Barnwell, many thanks for an illuminating post. However, with all the hands involved in the production of the folios, how can you be sure Shakespeare intended his capital G or the lack therof? It seems unlikely that he had a "subtle intent" in capitalizing God, since the plays were produced for the stage, not for reading. Diana

From: Barnwell Black <[log in to unmask]>
Reply-To: "T. S. Eliot Discussion forum." <[log in to unmask]>
To: [log in to unmask]
Subject: Re: The boat imagery in TWL
Date: Wed, 1 Aug 2007 19:17:32 EDT

     I think there is an indication that King Lear does indeed achieve some degree of spiritual rebirth after the death of the Self, as per TSE in his post-conversion poetry.  In Shakespeare's play this comes in Act V, Scene 3, when Lear, and Cordelia enter as prisoners.  Lear, in what seems to me to be a moment of lucidity occasioned by the redeeming love of Cordelia, says to Cordelia:
No, no, no, no! Come, let's away to prison:
We two alone will sing like birds i' the cage:

When thou dost ask me blessing I'll kneel down
And ask of thee forgiveness: so we'll live,
And pray, and sing, and tell old tales, and laugh
At gilded butterflies, and hear poor rogues
Talk of court news; and we'll talk with them too,--
Who loses and who wins; who's in, who's out;--
And take upon's the mystery of things,
As if we were God's spies: and we'll wear out,
In a wall'd prison, packs and sects of great ones
That ebb and flow by the moon.
To me this is the "still point" moment for Lear. Cordelia is the catalyst. I find it interesting that, in a play set in the time of pre-Christian (pagan, polytheistic) England, the "gods" (pleural) are referred to twenty-five times by Lear and others with lower case "g".  In Lear's passage above, this is the only use in the entire play of the singular word God,  "As if we were God's spies..."  -- with upper case "G" too. I suspect Shakespeare did this with subtle intent. Lear, in the dark night of his soul opened his soul for God to enter. In spite of the final tragedy, this moment flashes with redeeming power.
In a message dated 7/31/2007 8:25:27 P.M. Eastern Daylight Time, [log in to unmask] writes:
I agree that it is a death of ego.  But I hasten to add that I do not
myself have any desire for a dead ego in this sense, and I don't think
Eliot ever experienced it or claimed to.

I would question Lear--more  like the dark night of sense than of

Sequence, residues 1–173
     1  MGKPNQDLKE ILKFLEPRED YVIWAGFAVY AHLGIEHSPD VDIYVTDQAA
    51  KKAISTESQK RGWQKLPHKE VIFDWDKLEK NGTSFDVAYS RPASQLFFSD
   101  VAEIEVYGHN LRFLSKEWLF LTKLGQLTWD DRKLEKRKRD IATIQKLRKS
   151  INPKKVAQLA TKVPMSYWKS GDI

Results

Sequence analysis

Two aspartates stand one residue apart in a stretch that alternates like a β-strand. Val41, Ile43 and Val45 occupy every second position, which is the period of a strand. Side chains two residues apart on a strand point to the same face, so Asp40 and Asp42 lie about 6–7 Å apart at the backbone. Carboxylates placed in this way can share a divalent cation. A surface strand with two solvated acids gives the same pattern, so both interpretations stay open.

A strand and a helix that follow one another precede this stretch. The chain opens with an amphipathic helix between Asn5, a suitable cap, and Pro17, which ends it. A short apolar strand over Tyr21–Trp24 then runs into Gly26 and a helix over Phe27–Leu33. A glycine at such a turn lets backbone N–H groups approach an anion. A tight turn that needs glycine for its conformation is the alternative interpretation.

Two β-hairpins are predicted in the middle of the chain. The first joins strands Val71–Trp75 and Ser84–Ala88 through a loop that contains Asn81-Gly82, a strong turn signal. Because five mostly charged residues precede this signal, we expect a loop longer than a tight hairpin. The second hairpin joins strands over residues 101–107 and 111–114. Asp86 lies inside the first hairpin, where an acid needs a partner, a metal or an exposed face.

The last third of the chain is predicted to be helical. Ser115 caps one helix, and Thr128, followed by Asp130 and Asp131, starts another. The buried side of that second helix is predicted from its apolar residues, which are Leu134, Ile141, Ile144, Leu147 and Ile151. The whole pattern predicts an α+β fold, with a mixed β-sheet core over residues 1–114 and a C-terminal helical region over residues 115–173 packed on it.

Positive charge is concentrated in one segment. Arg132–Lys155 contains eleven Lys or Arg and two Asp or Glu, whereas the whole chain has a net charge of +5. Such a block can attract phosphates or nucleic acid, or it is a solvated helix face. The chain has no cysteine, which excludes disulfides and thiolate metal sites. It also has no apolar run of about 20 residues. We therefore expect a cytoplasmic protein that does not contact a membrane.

spirit, since Lear is a very intensely present self, not an opened soul
for god to enter.

>>> Barnwell  Black <[log in to unmask]> 07/31/07 8:11 PM >>>

    Re the comparison of the T. S. Eliot of TWL with the
post-conversion TSE
of 4Q,  I think CR and  Nancy are "right on," to  borrow a phrase from
youth. The post-conversion concept of "the death of the  Self" seems to
me to
represent the death of the "Ego," a necessary  happening before
rebirth, as per TSE -- a movement away from  the "We live as if by our
own wisdom" of
Heraclitus toward the common Logos.  Another example in literature of
"the death of the Self, or Ego" is the  soliloquy of KING Lear to the

Blow, winds, and crack your cheeks! rage! blow!
You cataracts and hurricanoes, spout
Till you have  drench'd our steeples, drown'd the cocks!
You sulphurous and  thought-executing fires,
Vaunt-couriers to oak-cleaving  thunderbolts,
Singe my white head! And thou, all-shaking  thunder,
Smite flat the thick rotundity o' the  world!
Crack nature's moulds, an germens spill at  once,
That make ingrateful man!

Rumble thy bellyful! Spit, fire! spout, rain!
Nor rain, wind, thunder, fire, are my daughters:
I  tax not you, you elements, with unkindness;
I never gave you  kingdom, call'd you children,
You owe me no subscription:  then let fall
Your horrible pleasure: here I stand, your  slave,
A poor, infirm, weak, and despised old man:
But yet I call you servile ministers,
That have with  two pernicious daughters join'd
Your high engender'd battles  'gainst a head
So old and white as this. O! O! 'tis  foul!

Now that's that I call "the Dark Night of the Soul."


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